FOR * SUBSTITUTE OR MAKE YOUR OWN VERSION OF PROCESSED FOODS Pop plain popcorn on the stove rather than in a paper bag in the microwave. Swirl your own salad dressing out of oil, vinegar, and spices (or maybe a little blended fruit). Make dinners ahead and freeze them for the week ahead. Bake your own potato chips! OUT * PHASE SOFT DRINKS Whether they’re sweetened with sugar, high-fructose corn syrup or calorie-free sweeteners, they lack the health of water, coffee, tea and milks (dairy and plant-based).


InsiderSecrets NOURISH

to Growing Tomatoes It’s time to start tomatoes by seed for garden planting the end of April.

by Ken Lain, The Mountain Gardener, Watters Garden Center WHEN TO START Start tomatoes indoors four to six weeks before the average last spring frost May 8. Transplant seedlings when nighttime temperatures are at least 45°F and soil temperature is 70-90°F degrees. CONTAINERS Use shallow, sterile containers with drainage (use six-pack trays or peat pots). Transplant into larger, 3-4” inch containers once the scalloped leaves have emerged. SEED-STARTING MIX Use a lightweight seedstarting potting soil; sow seeds at a shallow, 1/81/4” inch depth. Watters’ seed-starting soil is sterile and allows for ideal air-to-moisture ratio. TRANSPLANTING, SUPPORTING When transplanting seedlings outside, plant them deeply, burying the stem leaving one to two sets of leaves above ground. The buried parts of the stem will sprout roots and develop a strong, extensive root system. Place any stakes, cages or other type of supports in the ground just after transplanting to avoid root damage.

types (e.g., Ace 55, Glacier, Italian Roma) * determinate grow in a compact, bush form, requiring little or no staking. Fruit is produced on the ends of the branches; most ripen at the same time. One or more successive plantings ensures an extended harvest period to yield a large supply at once for canning. types (e.g., Better Bush, Sun * indeterminate Gold, Black Krim) continue to grow and produce fruit through October. Tomatoes in all stages of development may be on the plants at one time. types (e.g., Lizzano) grow * semi-determinate in size between these above two types. They produce a main crop that ripens at once but also continues to produce through October.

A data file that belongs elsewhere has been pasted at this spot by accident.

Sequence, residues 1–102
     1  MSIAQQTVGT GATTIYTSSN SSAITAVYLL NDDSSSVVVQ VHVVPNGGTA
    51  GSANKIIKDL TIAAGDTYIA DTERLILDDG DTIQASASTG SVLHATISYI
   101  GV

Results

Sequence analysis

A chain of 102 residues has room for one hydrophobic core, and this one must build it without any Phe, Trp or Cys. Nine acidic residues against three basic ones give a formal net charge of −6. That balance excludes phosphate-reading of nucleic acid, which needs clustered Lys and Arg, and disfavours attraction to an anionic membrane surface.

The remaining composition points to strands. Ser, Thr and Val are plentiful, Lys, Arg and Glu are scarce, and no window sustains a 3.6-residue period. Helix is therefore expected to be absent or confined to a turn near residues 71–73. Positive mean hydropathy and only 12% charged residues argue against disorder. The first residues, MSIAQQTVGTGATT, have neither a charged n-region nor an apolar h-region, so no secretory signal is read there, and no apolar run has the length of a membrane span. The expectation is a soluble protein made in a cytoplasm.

WATER Tomatoes need about 1-2” inches of water per week depending on type of soil; one to two deep soakings per week in mild weather; two to three per week in hot weather. HARVESTING Check seed packet to see when the tomato has ripened with the best flavor. TYPES Tomatoes are grouped into types according to growth habit and production.


Photos: Watters Garden Center

GROWING TEMPERATURE Temperatures above 55°F at night are required to set fruit. Night temperatures above 75°F in the summer inhibit fruit set. Wait until night temperatures are at least 45°F before transplanting.


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the Good Ones

Many of today’s most popular diets keep a tight ceiling on carbohydrate intake to force the body to turn to its stores of fat to fuel energy, which leads to at least short-term weight loss and may benefit heart health. But carbs are the most efficient type of fuel available for our bodies, especially our brains. It’s very difficult to eliminate them completely, and the complex carbs and fiber found in many fruits, vegetables and whole grains are digested slowly and can keep us fueled and full between meals. Refined or simple carbs as found in most white breads breads, pastas, baked goods, candy, soda and other processed foods are what you need to watch out for. Here are some very healthy high-carb foods worth including in your diet: BEETS These are a lesserknown, powerful source of vitamin C and have loads of folate, which protects us from cognitive decline.

APPLES The quintessential fruit is usually about 13% to 15% carbs, with lots of healthy fiber to slow their digestion and a variety of nutrients, including antioxidants which protect your heart and lower the risk of type 2 diabetes. Eating the skin ensures you get all the benefits.

OATS These are some of the best-for-you grains on the planet, with 10 grams of heart-healthy soluble fiber and 6 grams of protein per half-cup, along with healthy amounts of manganese, vitamin B1, iron, phosphorous and other minerals.